By Grace Van Voorst
Greta Thunburg is a force to be reckoned with. The 16-year old climate activist has traversed the Atlantic in a zero-emissions boat, spoken in front of the US Congress, and inspired global climate strikes and conservation efforts. Her international campaigns have drawn worldwide attention, leading more and more people to push for action to protect our planet. Greta’s confidence and candidness is unwavering, even when she is holding powerful politicians and world leaders accountable. Her refusal to temper the truth about the dangers of climate change has sparked discomfort and resentment in people who refuse to acknowledge the reality of our planet. As a result, Greta has become a popular target for immature adults who displace their animosity toward proactive climate change measures.
Greta first gained attention in 2018 when she skipped school to protest in front of the Swedish parliament, holding a sign that read, “School Strike for Climate.” Since then, her actions have inspired millions and even motivated change on a political level. Greta Thunberg recently attended the United Nations Climate Summit, where she drew attention to world leaders’ failure to initiate action on climate change policies. Her electrifying speech at the Summit was widely celebrated; however, the topic she addressed made her a lightning rod for people who were unwilling to accept and act on the climate emergency.
The majority of Thunberg’s critics have been right-wing journalists, elected officials, and climate change skeptics. The attacks against Greta have come in many forms, but they share a commonality of devaluing her capabilities to discredit the legitimacy of climate change. In their efforts to impair Greta’s influence, her attackers also reveal more common and archaic societal biases: sexism, ageism, and ableism.
While sexism isn’t new to our society, its connection to climate change is a recent development. While criticism of Greta is not always explicitly sexist, criticism of her character often reveal sexist perceptions toward women – for instance, many disparage her passion as being overly emotional because of sexist notions about women’s emotions. As result of feminizing climate change, women like Greta are targets for conservative men who feel as though they are facing feminists in a culture war. As Martin Gelin wrote in the New Republic, Thunberg has attracted a “tsunami of male rage,” a rage that can be partly explained by the links between climate change denial and a particular type of affronted, aggrieved man who believes their masculinity is under attack from all sides.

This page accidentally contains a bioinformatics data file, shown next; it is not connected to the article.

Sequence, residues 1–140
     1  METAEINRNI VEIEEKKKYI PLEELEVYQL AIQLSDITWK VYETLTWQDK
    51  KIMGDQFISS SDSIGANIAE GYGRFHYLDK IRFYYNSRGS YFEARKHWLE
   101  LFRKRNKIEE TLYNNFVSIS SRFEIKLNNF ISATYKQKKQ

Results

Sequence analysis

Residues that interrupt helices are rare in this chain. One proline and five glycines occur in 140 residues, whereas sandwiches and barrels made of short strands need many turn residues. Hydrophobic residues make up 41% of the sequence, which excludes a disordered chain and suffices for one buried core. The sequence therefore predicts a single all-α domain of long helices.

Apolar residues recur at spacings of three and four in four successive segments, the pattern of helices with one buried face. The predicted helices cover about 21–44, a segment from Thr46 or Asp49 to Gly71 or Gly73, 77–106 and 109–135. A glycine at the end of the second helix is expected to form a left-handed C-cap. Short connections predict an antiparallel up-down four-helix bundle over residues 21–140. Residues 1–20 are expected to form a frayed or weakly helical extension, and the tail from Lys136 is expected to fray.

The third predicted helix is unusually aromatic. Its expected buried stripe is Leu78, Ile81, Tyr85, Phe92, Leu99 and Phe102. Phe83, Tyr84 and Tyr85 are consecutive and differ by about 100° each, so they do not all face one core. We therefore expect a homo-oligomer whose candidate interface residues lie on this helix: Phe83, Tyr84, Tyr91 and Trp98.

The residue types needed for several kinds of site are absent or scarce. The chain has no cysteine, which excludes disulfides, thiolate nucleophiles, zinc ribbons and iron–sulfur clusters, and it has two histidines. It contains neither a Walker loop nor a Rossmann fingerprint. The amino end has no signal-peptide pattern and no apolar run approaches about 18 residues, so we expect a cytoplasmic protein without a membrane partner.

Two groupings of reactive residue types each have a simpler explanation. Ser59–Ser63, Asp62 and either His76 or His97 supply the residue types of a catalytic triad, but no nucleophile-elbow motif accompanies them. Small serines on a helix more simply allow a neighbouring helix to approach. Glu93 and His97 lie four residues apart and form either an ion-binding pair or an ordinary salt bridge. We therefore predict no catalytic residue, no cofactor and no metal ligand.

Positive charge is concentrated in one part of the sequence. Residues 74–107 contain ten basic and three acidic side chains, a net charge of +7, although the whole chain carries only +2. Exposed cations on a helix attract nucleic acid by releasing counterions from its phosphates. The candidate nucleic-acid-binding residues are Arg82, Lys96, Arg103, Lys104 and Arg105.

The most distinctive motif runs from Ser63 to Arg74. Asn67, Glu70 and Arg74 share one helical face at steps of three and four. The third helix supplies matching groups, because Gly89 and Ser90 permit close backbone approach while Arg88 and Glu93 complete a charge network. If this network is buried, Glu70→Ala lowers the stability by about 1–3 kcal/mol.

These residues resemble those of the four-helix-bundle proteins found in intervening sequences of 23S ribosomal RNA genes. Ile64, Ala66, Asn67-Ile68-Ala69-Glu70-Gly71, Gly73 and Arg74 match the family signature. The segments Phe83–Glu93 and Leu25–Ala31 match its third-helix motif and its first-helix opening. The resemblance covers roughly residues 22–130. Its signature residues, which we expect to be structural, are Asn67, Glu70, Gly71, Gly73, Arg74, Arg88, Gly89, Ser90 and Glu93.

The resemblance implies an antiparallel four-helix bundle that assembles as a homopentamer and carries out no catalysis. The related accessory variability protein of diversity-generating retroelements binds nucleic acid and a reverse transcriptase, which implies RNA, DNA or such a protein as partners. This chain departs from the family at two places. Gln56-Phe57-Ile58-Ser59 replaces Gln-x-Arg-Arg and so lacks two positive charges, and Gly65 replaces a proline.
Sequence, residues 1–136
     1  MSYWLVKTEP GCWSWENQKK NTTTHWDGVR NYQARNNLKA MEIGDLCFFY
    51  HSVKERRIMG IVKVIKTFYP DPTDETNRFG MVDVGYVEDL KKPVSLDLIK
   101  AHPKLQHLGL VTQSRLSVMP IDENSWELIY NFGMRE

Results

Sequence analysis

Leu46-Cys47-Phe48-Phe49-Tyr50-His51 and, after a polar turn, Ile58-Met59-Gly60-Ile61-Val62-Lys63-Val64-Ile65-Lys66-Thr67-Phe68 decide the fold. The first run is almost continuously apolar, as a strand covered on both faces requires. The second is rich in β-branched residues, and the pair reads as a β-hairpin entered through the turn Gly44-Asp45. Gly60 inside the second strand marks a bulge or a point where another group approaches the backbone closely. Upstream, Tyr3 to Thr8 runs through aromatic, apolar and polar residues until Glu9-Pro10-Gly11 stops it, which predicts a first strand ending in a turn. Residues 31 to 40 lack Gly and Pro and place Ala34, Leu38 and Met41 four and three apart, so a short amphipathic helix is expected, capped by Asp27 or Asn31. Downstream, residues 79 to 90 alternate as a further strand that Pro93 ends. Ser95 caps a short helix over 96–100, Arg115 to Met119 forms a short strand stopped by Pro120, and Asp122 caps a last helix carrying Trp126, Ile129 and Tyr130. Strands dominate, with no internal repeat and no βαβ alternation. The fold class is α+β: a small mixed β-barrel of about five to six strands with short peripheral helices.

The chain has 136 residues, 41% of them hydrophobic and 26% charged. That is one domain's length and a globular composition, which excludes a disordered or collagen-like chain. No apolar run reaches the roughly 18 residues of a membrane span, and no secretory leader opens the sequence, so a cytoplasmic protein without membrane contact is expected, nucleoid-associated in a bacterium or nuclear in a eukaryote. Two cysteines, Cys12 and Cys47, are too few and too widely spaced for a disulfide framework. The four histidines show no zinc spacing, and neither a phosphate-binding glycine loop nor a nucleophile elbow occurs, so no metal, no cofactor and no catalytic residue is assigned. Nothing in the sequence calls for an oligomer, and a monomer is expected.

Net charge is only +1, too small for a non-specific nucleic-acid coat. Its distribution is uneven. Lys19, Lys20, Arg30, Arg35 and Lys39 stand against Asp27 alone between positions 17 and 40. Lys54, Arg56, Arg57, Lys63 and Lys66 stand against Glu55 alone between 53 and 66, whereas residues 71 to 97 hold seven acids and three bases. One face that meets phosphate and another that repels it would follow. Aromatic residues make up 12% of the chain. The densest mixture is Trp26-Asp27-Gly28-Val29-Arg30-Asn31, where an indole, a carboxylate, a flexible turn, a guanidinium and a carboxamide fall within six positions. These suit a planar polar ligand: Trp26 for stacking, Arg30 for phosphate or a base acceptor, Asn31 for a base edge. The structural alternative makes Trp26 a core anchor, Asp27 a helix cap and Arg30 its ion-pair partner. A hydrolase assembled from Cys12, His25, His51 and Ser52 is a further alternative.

Those who focus on Greta’s age as a way to debase the legitimacy of her statements demean her as naive and overbearing. One of Greta’s more notable critics, President Trump, responded to Greta’s speech with a sarcastic tweet that read, “She seems like a very happy young girl looking forward to a bright and wonderful future.” The ageism Greta faces is not a unique experience; a rise in youth activism has been paralleled by a rise in youth criticism. Laura Ingraham, the Fox News host, called her UN speech “chilling,” running a segment comparing the climate change “hysteria” among youth to Stephen King’s novel “Children of the Corn.”
In the midst of sexist and ageist comments against her, Greta’s battle against ableism is a struggle that is less commonly recognized. A unique feature that sets Greta aside from other activists is her autism. Her publicized position on the spectrum has led to people to denigrate her beliefs and leadership. Michael Knowles of the Daily Wire dismissed Greta Thunberg as a “mentally ill Swedish child.” Another right-winged media personnel, John Ocasio-Nolte, tweeted, “I can’t tell if Greta needs a spanking or psychological intervention…” These remarks are not only incredibly discriminatory to Greta but also highlight the stigma around the autism community. Bearing the weight of this prejudiced judgement with incredible fortitude, Greta remains outspoken and unashamed of her autism, even referring to it as her “superpower.”
Other right wing critics have taken a different approach to devaluing Greta’s influence by implying that her actions are not self-empowered. They have suggested that other adults are manipulating the activist for political gain. Others have called her a puppet for the left-wing media. While this approach is less aggressive toward Greta, it diminishes her value as a smart, passionate young person with unique thoughts and ideas.
It is disheartening to see such a young girl being the subject of so much criticism. However, Greta Thunberg’s ability to rise above attacks shows strength that surpasses that of many adults. Instead of addressing her critics by name, she simply said that she “didn’t understand why grown-ups would choose to mock children and teenagers for just communicating and acting on the science when they could do something good instead.”
“We become the bad guys who have to tell people these uncomfortable things, because no one else wants to, or dares to,” Thunberg said. “And just for quoting and acting on these numbers, these scientific facts, we receive unimaginable amounts of hate and threats. We are being mocked and lied about by elected officials, members of parliament, business leaders, journalists. You can’t simply make up your own facts. There is no middle ground when it comes to the climate and ecological emergency.”
Thunbergs’s words display clear maturity and intellect, when standing up with what she believes and dealing with those who target her with spiteful comments. Above all, she demonstrates that there is some hope in the future – and that hope is with the youths.